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Types of Magnesium

Discussion in 'General Treatment' started by flitza, Apr 29, 2017.

  1. flitza

    flitza Senior Member

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    I need some guidance and the different types of Magnesium supplements and what the pro's and con's of each are. Currently taking Mg Oxide but not sure I'm getting all the benefits.
     
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  2. pamojja

    pamojja Senior Member

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    Tried all better bio-available Mg supplements (citrate, malate, glycinate, taurinate, ascorbate, threonate..) because of a severe Mg deficiency (ie. painful muscle cramps) since 7 years.

    After reading this post over at longecity about 4 years ago I experimented with Mg oxide too. And indeed, it doesn't really matter which Mg compound I used, just the same total elemental quantity of Mg, and I'm free from pain-full muscle cramps.

    Then I added the mineral water with the highest Mg content as Sulfate. Of which I drank about a liter per day:

    Also contains Lithium at about 3 mg/l. Still no difference, as long as I get equal total amounts of elemental Magnesium.

    However, everyone is different in their ability to take different Mg-compounds at certain doses without loose stools. In that case I heard many times glycinate and malate recommended.
     
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  3. flitza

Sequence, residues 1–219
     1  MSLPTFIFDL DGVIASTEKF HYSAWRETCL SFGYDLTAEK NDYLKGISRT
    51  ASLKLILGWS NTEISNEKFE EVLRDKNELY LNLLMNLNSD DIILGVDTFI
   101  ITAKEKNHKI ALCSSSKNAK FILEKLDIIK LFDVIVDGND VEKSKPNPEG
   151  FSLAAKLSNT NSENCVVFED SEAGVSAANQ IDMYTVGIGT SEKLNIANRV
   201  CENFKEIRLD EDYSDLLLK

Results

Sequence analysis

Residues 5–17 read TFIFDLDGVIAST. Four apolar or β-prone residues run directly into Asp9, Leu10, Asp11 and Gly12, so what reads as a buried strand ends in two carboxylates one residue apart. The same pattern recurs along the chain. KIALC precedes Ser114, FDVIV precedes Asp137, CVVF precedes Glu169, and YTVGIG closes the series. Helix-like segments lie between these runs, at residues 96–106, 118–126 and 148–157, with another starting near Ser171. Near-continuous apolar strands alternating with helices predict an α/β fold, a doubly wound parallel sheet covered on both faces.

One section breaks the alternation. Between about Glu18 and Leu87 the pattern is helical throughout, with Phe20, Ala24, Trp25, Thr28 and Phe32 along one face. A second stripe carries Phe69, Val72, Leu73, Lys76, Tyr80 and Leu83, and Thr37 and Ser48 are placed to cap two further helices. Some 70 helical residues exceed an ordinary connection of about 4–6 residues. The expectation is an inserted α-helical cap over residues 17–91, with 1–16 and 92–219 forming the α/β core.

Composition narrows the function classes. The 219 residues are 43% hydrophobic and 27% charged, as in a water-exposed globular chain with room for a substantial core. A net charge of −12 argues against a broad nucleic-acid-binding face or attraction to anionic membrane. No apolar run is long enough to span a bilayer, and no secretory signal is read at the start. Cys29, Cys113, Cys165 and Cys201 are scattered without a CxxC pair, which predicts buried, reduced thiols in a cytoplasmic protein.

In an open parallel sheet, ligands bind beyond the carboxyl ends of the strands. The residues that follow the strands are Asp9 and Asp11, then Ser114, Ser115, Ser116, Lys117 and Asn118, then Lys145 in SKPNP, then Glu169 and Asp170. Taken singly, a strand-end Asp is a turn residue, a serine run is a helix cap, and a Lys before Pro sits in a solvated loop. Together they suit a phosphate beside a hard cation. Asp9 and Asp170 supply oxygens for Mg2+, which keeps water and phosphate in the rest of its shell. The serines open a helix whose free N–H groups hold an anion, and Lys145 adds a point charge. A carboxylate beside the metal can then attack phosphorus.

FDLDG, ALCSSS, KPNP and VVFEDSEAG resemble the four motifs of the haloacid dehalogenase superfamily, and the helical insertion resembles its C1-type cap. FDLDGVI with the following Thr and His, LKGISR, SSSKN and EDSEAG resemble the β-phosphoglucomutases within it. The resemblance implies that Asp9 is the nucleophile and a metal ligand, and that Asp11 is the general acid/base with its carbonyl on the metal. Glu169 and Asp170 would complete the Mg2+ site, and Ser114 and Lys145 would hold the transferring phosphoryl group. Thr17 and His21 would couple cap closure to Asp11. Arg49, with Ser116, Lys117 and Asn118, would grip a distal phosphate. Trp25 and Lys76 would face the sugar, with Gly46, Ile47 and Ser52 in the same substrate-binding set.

flitza Senior Member

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    It does tend to give me loose stools. I'll try the glycinate or malate. Thanks for the tip.
     
  4. arewenearlythereyet

    arewenearlythereyet Senior Member

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    I take magnesium oxide. 2x400mg daily, magnesium chloride "oil" daily (about 20 squirts in the morning) and Epsom salt (magnesium sulphate) baths twice a week. The baths seem the most effective but sometimes a bit impractical. The magnesium oxide is released the slowest out of all the salts I seem to remember reading somewhere. I'm not sure the type of salt makes a lot of difference for me but I've "hedged my bets" a bit.
     
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  5. Basilico

    Basilico Florida

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    My husband and I have spent a lot of time researching various forms of magnesium and we have tried pretty much every type available. These are from my husband's notes:


    -Magnesium oxide is the absolute worst (and unfortunately it's the form usually found in cheaper multivitamins) because it doesn't really get absorbed by the body, so it's a waste of time.

    -Magnesium sulfate (Epsom Salts) are not good to use internally because of poor bioavailability.